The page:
Wednesday, August 29, 2012

Silent Spring: 50 years of raised environmental awareness

Today I am reminded of one the most important books I've ever read. During my first year of grad school, I was encouraged to read Silent Spring by Rachel Carson. She was an environmentalist, joining the US Bureau of Fisheries in 1932. I am sure that wasn't easy thing for a woman to do back then! Rachel became a full-time writer in 1949. She wrote several environmentally-themed books about the ocean, but became interested in soil-dwelling animals, too. As Rachel was battling breast cancer, she published Silent Spring in 1962. 

Rachel Carson, 1907-1964

Silent Spring was one of the first books to address some of the negative effects pesticides can have on animals, including humans. She often argued for more "look before we leap" caution to synthetic pesticides. One of the first popular pesticides, DDT, was manufactured by the Swiss in 1939. DDT was used by many around the world, including the US Army to control malaria, typhus, and dengue fever during WWII. 

DDT trucks were common to see on the streets in the 1950s. Sometimes kids would run after the trucks to get dusted. 

To show how harmless DDT dust was to humans, advertisements like this were popular. Model Kay Heffernon with a soda and hot dog on Jones Beach, NY 1948. Photo by George Silk, LIFE photos. 

DDT was popular for home use as well to kill nuisance pests. 

At the same time of increasing popularity of synthetic pesticides, Rachel was noticing a decline in bird populations. She called pesticide overuse as a "silencing of the birds." In Silent Spring, she outlined how biomagnification concentrated chemicals through the food chain. Although she reviews many case studies in her book, her example of robin decline at Michigan State University was particularly interesting. In the mid 1950s, ornithologist George Wallace discovered dead and dying robins on campus; tests confirmed elevated levels of DDT. He later showed DDT used to control Dutch Elm Disease was takeng up by earthworms that were toxic food for many birds. 

Another example of DDT biomagnification was in the Bald Eagle. By the early 1960s, only about 400 breeding pairs were in the lower 48 states. One suspected cause of decline was egg shell thinning and sterility from DDT. In 1967, Bald Eagles were placed on the Endangered Species List. The US banned DDT in 1972 and the number of breeding pairs has dramatically increased 20-fold. In 2007, the Bald Eagle and other bird species were removed from the Endangered Species List.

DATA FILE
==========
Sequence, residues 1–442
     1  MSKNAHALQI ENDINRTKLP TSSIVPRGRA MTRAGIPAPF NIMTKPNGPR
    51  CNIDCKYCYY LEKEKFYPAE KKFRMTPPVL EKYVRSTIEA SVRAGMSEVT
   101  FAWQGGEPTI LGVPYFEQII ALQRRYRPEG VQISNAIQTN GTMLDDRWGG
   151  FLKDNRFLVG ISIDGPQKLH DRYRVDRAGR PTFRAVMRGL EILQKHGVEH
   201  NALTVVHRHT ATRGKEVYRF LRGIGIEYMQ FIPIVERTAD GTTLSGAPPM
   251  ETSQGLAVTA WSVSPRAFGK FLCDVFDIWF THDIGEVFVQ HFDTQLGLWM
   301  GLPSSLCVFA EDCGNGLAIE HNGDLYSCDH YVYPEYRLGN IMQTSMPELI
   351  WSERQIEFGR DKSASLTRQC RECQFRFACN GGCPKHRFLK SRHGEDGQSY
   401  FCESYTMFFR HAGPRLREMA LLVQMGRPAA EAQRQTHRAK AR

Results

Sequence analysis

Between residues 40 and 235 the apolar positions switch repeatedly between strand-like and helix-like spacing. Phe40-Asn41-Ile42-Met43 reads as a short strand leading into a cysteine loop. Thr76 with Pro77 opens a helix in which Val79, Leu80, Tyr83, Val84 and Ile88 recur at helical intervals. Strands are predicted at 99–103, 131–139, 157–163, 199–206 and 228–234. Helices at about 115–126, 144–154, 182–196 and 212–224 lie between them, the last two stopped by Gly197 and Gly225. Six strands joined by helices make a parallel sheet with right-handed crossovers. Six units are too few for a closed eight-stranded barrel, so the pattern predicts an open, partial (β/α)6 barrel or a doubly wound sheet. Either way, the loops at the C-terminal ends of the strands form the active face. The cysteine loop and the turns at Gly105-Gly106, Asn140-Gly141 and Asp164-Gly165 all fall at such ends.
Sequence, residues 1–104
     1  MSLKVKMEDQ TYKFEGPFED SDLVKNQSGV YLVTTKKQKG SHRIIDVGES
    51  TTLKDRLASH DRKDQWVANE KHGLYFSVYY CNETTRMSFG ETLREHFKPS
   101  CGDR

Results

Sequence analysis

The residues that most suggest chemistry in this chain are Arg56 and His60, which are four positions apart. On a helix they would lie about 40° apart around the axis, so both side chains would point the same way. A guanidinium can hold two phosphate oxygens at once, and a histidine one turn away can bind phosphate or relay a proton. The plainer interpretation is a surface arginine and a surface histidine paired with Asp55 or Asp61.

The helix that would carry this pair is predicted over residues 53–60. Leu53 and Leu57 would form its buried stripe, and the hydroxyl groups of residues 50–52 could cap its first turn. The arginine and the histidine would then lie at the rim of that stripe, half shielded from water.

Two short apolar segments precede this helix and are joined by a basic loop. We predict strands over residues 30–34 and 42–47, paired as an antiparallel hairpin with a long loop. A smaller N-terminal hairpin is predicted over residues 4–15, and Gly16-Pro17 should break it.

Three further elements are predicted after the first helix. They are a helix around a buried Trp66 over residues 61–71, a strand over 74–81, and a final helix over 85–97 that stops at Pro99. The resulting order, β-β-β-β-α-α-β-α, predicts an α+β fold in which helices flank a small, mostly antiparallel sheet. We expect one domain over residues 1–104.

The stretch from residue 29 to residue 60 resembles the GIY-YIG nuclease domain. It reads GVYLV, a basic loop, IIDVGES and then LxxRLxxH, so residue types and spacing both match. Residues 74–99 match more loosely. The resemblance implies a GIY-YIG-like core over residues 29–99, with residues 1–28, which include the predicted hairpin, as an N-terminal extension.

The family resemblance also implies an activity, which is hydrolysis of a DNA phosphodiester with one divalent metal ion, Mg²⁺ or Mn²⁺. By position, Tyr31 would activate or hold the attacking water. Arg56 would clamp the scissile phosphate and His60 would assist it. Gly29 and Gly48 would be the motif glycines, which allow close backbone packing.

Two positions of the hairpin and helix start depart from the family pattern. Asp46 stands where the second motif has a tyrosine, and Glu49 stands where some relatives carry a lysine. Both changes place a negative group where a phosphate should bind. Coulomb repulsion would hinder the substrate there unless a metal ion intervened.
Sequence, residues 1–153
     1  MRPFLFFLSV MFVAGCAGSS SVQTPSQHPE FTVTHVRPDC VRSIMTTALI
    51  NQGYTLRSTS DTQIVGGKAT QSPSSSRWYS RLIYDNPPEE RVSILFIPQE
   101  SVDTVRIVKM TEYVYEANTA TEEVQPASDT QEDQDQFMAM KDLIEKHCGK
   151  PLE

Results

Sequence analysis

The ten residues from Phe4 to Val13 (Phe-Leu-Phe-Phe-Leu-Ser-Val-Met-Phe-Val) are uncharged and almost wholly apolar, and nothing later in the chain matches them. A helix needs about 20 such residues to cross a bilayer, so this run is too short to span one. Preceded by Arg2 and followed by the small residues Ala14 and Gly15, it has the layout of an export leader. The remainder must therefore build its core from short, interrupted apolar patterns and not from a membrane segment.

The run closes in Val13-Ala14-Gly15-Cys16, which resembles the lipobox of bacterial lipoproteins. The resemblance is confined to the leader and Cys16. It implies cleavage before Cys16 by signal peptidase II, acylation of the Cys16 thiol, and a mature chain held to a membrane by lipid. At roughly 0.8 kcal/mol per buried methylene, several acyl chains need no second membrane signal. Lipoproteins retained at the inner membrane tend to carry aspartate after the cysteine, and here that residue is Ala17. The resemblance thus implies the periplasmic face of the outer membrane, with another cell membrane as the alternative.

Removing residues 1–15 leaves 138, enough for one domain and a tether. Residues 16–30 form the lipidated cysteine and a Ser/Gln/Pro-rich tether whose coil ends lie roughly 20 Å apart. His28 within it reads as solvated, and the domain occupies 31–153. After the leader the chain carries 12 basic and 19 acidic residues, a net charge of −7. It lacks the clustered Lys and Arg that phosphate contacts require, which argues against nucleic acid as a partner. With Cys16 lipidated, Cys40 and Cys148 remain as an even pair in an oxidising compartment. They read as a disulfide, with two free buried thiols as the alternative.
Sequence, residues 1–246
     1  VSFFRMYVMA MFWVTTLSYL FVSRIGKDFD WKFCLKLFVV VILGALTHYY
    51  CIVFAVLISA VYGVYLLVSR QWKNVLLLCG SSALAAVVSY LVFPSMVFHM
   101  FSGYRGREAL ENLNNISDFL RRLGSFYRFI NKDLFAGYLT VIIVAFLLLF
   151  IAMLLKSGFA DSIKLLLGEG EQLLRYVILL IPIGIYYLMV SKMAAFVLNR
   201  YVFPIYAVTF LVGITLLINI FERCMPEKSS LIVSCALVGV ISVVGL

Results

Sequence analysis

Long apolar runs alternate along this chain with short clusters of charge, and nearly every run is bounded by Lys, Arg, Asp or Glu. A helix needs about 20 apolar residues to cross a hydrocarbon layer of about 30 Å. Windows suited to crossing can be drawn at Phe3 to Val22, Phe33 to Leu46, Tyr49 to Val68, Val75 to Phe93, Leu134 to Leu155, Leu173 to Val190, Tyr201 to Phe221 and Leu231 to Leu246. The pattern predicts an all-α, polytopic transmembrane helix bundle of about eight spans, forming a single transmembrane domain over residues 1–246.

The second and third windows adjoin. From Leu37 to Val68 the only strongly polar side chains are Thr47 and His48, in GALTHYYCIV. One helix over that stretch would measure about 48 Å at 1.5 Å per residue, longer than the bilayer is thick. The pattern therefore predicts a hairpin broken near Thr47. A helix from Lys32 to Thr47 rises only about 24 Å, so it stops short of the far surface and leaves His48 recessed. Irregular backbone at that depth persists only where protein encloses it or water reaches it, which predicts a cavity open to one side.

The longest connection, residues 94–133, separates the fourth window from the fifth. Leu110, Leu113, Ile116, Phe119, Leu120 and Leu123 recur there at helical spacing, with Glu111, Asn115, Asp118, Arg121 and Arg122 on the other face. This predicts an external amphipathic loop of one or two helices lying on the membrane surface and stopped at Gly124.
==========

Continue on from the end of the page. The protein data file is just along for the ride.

Her books and other publications got mixed reviews from scientists and industry. She testified before congress and called for a "pesticide commission" to help protect human health and the environment. Of the 12 pesticides she mentioned in her book, 8 are now banned and 3 are severely restricted. Rachel raised awareness for the environment and the need for regulation; and in 1970 the EPA was created. She revived many awards for her efforts, including the Presidential Medal of Freedom after her death. Although I do think pesticides have a place for pest control in order for food production and human health, I do agree with Rachel that we should them in more cautiously and with purpose. For more information about Rachel Carson, visit these links:

Monday, August 20, 2012

Updated bean leaf beetle thresholds

Summer is winding down fast, but some areas in Iowa still have respectable numbers of bean leaf beetle. The second generation is coming out and could cause direct injury to soybean pods. If your beans are still developing, it might be a good time to go out and take some sweeps.

 Bean leaf beetles can be confused with southern corn rootworm and other beetles. Look for four dark spots on the forewings, and a dark triangle behind the "neck." Photo by Marlin E. Rice. 

Overwintering and first generation bean leaf beetles rarely cause direct economic damage to soybean in Iowa; plants compensate for defoliation in many ways. But they can transmit bean pod mottle virus that can impact the market value of food grade soybean. Bean leaf beetle can cause direct injury to pods during the seed fill stage depending on when the second generation emerges. 

Bean leaf beetles can eat about 0.2 pods per day. Note they don't eat all the way through the pod, like grasshoppers can. Photo by Mark Licht, ISU Extension.